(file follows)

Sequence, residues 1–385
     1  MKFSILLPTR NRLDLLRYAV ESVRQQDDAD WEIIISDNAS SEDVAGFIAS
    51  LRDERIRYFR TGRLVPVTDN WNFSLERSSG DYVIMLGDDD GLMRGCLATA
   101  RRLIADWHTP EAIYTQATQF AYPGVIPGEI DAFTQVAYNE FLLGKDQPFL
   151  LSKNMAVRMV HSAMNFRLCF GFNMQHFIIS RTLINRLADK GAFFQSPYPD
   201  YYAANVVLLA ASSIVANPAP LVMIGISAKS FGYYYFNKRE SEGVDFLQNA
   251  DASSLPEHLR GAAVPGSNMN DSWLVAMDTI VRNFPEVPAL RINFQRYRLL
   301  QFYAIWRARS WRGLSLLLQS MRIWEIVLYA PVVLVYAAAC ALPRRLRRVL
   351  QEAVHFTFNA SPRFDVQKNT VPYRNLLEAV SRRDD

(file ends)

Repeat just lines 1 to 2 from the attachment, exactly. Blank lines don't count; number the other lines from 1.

Sequence, residues 1–385
     1  MKFSILLPTR NRLDLLRYAV ESVRQQDDAD WEIIISDNAS SEDVAGFIAS